As a nutrition educator, I also like to recommend foods that increase the “happy” neurotransmitter serotonin. Whole grains, sweet potatoes, brown rice, oatmeal, buckwheat, millet, quinoa, support your brain’s ability to process more serotonin.

10. If you’re lucky to have a caring partner, give each other a massage. It’s a wonderful way to tune out the world and relax. Or do a self massage with warm oil. Olive or coconut works perfectly.

11. Avoid an excess of alcohol, caffeine and sugar. These will just make you feel more jittery in the long run, and add extra calories.

12. Avoid listening to the news before bed. When the coronavirus outbreak first occurred, I found myself glued to the news and I suffered the price. My sleep was restless and I had nightmares. Limit yourself to tuning in 2 or 3 times a day at most, for a limited period of time. Don’t keep the TV or radio on all day, and certainly not while you’re eating or before bed.

13. Limit your social media time, too. There are a lot of scary things on Facebook, etc. While it’s important to stay informed, too much information can overwhelm us and make us even more frightened.

14. Stay in close contact with family and friends. Reach out to those you haven’t been in touch with for a while. Laugh about old times.

15. Do some volunteer work, unless you are a caregiver. Your spiritual/religious community has things you can do to help others like calling congregants to check-in and see if they need anything. Or donate money to a food bank or emergency assistance organization. It’ll make you feel good.

16. It’s officially spring! Get outside and do some yard work. Plant some seeds for a spring garden and watch as the seeds sprout into nature’s gift of flowers and greens.

Stay positive and healthy. We will get through this together.


Barbra Cohn cared for her husband Morris for 10 years. He passed away from younger-onset Alzheimer’s disease in 2010. Afterward, she was compelled to write “Calmer Waters: The Caregiver’s Journey Through Alzheimer’s & Dementia”—Winner of the 2018 Book Excellence Award in Self-Help—in order to help other caregivers feel healthier and happier, have more energy, sleep better, feel more confident, deal with feelings of guilt and grief, and to ultimately experience inner peace. “Calmer Waters” is available at AmazonBarnes & NobleBoulder Book StoreTattered Cover Book Store,  Indie Bound.org, and many other fine independent bookstores, as well as public libraries.

image-1

 

 

Preventing Caregiver Burnout with Good Nutrition and Foods that Support Neurotransmitters

Keto diet concept - salmon, avocado, eggs, nuts and seedsWhether you want to support your brain health, relieve stress and anxiety about caregiving responsibilities, or just want to rev up your energy, stamina and immunity, here are some ways to protect your health and support your mood.

Start your day with an energizing breakfast to stabilize your blood sugar, so your mood stays even and you can perform at your best. When blood sugar is too high or low it’s a signal to the body to store calories, which adds fat around your middle. If you’re nauseous in the morning it means your blood sugar is low.

Eat within one hour upon rising and by 10am, and make sure your breakfast isn’t coffee and a doughnut. Have some protein and a healthy fat such as an omelet and avocado and a piece of whole grain or gluten-free toast. It’ll provide you with the energy you need to get through the morning while maintaining a sense of equilibrium.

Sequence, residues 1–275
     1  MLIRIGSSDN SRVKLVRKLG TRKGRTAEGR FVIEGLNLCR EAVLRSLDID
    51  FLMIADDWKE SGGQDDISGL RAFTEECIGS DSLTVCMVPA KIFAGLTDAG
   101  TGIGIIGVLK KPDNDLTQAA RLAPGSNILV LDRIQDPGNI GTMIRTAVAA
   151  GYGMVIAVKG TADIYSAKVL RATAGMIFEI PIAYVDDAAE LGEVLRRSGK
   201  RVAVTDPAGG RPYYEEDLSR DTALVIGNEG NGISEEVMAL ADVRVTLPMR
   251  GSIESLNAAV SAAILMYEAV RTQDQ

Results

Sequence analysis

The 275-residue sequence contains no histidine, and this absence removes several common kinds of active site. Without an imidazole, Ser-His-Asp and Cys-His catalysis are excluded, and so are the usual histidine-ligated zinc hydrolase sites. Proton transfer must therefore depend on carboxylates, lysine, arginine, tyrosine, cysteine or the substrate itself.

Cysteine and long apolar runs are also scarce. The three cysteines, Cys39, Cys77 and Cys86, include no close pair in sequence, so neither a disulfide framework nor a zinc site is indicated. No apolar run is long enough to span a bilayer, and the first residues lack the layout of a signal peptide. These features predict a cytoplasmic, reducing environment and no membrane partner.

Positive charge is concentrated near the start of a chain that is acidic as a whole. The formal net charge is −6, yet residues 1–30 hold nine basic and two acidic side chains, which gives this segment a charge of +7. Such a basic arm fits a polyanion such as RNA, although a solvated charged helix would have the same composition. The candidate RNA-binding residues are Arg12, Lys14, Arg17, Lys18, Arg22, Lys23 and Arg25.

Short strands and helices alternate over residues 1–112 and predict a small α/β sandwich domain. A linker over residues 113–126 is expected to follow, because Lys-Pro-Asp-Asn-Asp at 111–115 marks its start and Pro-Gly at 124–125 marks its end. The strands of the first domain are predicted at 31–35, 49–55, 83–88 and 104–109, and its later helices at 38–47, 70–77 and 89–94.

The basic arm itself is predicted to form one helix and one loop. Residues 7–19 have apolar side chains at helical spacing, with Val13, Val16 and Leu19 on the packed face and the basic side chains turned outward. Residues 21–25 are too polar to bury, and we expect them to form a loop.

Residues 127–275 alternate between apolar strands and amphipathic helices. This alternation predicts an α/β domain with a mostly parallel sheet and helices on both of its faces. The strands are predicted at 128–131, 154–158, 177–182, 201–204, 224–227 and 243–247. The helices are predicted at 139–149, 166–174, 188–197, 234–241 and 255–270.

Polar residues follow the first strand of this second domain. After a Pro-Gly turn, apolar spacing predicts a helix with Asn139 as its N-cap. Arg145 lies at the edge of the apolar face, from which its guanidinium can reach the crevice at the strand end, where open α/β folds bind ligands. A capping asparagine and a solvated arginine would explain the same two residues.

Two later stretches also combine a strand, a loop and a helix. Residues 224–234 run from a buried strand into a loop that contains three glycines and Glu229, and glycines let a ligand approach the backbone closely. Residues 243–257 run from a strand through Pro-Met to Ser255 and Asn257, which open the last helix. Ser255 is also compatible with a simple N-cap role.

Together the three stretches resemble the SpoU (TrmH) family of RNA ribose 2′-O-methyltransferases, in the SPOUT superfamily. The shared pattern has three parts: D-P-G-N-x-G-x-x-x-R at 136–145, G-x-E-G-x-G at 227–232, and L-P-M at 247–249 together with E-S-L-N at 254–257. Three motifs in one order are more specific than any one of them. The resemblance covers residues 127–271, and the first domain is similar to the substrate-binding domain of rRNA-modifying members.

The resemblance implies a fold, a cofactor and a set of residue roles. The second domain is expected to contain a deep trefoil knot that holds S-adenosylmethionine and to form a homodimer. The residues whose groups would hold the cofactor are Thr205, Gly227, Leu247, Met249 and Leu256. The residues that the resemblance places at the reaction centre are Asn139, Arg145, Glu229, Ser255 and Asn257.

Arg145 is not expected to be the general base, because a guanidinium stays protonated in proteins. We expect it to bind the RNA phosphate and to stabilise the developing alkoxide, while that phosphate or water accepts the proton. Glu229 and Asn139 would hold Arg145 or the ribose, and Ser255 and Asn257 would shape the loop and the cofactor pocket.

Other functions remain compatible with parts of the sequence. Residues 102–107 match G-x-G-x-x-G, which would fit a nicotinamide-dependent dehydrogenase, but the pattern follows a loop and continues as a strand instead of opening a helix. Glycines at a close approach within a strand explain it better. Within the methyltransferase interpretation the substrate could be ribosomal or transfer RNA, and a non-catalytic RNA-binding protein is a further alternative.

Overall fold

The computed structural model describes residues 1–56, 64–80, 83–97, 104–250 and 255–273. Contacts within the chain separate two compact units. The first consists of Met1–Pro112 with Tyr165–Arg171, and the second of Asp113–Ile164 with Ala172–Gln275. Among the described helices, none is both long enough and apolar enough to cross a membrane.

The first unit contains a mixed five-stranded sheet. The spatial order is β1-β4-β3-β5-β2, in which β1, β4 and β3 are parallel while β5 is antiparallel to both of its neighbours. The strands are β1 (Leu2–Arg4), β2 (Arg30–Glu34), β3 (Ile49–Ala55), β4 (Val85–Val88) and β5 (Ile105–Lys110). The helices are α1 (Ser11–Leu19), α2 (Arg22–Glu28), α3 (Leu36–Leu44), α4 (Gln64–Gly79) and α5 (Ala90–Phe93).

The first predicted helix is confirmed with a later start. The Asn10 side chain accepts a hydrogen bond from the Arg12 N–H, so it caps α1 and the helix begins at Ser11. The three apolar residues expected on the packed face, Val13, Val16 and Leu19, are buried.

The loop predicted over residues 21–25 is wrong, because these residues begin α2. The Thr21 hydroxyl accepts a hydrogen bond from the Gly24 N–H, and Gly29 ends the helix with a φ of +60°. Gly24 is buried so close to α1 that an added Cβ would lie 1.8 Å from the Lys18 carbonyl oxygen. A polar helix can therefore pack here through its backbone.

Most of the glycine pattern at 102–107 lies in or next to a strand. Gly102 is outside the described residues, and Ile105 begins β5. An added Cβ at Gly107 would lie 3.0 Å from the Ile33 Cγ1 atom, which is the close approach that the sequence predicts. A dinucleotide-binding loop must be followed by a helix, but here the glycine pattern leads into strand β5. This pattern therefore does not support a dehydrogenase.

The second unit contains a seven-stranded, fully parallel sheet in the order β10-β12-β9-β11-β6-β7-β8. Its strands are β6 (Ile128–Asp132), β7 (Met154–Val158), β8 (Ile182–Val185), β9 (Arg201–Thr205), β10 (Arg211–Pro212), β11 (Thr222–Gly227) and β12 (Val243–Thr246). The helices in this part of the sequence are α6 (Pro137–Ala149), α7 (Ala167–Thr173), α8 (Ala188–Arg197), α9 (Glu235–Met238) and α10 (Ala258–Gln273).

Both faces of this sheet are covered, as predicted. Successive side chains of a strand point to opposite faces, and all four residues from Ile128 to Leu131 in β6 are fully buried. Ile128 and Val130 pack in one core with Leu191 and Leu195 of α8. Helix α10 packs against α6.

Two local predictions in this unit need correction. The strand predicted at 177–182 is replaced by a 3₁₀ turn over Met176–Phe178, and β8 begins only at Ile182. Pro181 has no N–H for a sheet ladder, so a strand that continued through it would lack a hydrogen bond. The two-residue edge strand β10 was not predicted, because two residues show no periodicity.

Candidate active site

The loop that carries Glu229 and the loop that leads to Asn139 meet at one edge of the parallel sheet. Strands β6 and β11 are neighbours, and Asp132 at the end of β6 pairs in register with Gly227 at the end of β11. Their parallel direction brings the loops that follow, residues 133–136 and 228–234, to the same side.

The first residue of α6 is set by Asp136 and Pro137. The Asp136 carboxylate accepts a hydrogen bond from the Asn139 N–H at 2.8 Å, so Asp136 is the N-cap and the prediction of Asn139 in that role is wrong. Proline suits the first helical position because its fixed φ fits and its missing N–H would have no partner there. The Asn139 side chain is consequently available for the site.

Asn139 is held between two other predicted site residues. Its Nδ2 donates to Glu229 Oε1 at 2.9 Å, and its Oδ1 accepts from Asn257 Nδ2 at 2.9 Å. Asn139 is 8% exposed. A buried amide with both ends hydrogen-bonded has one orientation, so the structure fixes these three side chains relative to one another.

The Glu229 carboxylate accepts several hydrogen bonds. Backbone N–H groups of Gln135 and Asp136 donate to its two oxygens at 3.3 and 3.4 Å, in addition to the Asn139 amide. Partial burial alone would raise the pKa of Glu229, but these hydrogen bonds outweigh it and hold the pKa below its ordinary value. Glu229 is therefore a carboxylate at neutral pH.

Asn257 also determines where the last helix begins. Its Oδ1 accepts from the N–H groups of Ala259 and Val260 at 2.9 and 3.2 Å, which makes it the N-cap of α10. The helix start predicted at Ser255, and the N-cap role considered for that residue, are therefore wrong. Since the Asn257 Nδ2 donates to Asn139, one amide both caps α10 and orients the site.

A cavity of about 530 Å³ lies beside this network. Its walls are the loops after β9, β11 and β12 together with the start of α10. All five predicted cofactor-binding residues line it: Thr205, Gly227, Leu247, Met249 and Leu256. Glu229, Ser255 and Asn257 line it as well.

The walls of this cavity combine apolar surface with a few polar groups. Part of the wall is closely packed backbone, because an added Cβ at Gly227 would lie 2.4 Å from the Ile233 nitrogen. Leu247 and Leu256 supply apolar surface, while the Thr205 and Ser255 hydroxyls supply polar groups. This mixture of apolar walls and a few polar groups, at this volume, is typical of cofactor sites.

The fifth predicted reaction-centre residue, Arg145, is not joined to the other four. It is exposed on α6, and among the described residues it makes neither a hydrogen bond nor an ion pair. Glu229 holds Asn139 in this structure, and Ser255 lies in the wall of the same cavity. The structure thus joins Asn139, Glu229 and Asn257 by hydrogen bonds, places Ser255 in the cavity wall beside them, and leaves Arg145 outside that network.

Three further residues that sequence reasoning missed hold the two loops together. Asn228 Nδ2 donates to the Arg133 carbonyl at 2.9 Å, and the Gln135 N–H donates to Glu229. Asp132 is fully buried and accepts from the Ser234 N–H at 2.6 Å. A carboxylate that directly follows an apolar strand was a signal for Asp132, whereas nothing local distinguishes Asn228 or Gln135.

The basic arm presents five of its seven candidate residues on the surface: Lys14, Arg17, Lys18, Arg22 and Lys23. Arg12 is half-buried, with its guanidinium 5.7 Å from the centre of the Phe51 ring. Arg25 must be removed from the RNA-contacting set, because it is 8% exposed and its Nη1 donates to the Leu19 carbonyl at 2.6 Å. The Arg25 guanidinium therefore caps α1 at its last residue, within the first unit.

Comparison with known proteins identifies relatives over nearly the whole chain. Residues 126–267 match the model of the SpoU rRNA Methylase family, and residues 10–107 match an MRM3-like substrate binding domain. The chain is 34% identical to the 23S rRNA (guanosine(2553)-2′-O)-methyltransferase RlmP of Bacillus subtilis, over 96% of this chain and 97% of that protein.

Healthy Breakfast with Wholemeal Bread Toast and Poached Egg

Breakfast of Champions

  • Top a bagel or slice of whole wheat break with a fried egg, sliced tomato, avocado, slice of low-fat cheese
  • Bagel topped with hummus, tomato, goat cheese
  • Spread a tablespoon of almond butter on a piece of bread or bagel
  • Yogurt/granola parfait with fresh fruit
  • Sautéed greens (kale or spinach) and onion, and a corn tortilla topped with eggs, beans, sprinkle of cheese, salsa
  • Oatmeal or multi-grain cereal with almonds or walnuts, prunes, cinnamon, flax seed meal, Greek yogurt
  • Spinach mushroom omelet with salsa, berries and wheat toast
  • Whole-grain mini-quiche with ½ cup of berries

Hydrate!

Senior couple staying hydrated after running jogging

Our body is 50-65% water. Drink plenty of water to stay hydrated and to flush out toxins. The brain, which is 70% water, gets dehydrated just like your body. When it is dehydrated, neurotransmission—which is heavily dependent on water—is impaired, resulting in poor memory, concentration and impaired abstract thinking. The next time your mind is muddled, drink a tall glass of water and notice the difference. Choose smoothies, fresh juices, water, herbal teas.

Neurotransmitters are the brain chemicals that communicate information throughout your brain and body. The brain uses neurotransmitters to tell your heart to beat, your lungs to breathe, and your stomach to digest. They can also affect mood, sleep, concentration, weight, and can cause adverse symptoms when they are out of balance. Neurotransmitter levels can be depleted many ways. It is estimated that 86% of Americans have suboptimal neurotransmitter levels. Stress, poor diet, poor digestion, poor blood sugar control, drug (prescription and recreational), alcohol and caffeine can deplete them. (Emmons, The Chemistry of Joy, 2006).

 

list of neurotransmitters

Serotonin is necessary for a stable mood.

A deficiency can result in depression, irritability, sudden tears, insomnia, anxiety, or panic attacks, binge eating, carbohydrate craving, an overactive mind, and low tolerance to stress. When chronic stress is combined with nutrient deficiencies because of poor eating habits the risk of mood disorders can increase.